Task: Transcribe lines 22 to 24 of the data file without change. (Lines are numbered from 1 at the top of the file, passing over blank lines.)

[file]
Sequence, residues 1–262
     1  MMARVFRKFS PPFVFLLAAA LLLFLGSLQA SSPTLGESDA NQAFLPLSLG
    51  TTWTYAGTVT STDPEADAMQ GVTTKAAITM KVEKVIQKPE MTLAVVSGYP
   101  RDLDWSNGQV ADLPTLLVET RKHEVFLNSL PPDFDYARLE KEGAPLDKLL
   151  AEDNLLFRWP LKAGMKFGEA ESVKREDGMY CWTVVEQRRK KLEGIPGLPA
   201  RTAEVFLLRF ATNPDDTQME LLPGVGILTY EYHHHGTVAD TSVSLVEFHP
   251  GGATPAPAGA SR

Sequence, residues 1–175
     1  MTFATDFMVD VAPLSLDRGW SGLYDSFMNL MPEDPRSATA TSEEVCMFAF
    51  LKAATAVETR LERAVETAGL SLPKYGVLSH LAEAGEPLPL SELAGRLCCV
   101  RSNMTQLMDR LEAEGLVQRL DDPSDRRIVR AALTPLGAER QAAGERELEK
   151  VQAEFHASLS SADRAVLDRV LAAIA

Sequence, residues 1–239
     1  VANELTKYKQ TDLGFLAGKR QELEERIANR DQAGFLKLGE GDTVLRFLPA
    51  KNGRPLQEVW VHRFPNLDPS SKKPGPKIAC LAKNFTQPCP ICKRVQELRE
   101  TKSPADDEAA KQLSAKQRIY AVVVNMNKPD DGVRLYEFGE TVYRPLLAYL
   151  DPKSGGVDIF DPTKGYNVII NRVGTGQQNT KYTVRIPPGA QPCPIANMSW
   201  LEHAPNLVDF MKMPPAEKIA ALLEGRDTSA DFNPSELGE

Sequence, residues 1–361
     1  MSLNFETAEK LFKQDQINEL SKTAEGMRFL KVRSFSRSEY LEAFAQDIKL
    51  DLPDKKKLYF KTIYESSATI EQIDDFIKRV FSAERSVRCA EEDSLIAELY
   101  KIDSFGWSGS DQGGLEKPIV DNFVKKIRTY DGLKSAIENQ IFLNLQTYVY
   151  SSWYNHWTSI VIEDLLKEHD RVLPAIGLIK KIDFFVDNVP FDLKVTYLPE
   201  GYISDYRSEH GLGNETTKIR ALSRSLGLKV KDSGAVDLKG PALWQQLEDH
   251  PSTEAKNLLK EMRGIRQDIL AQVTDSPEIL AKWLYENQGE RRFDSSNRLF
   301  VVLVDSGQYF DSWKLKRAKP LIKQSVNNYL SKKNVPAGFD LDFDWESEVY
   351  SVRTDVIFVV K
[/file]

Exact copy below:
   101  KIDSFGWSGS DQGGLEKPIV DNFVKKIRTY DGLKSAIENQ IFLNLQTYVY
   151  SSWYNHWTSI VIEDLLKEHD RVLPAIGLIK KIDFFVDNVP FDLKVTYLPE
   201  GYISDYRSEH GLGNETTKIR ALSRSLGLKV KDSGAVDLKG PALWQQLEDH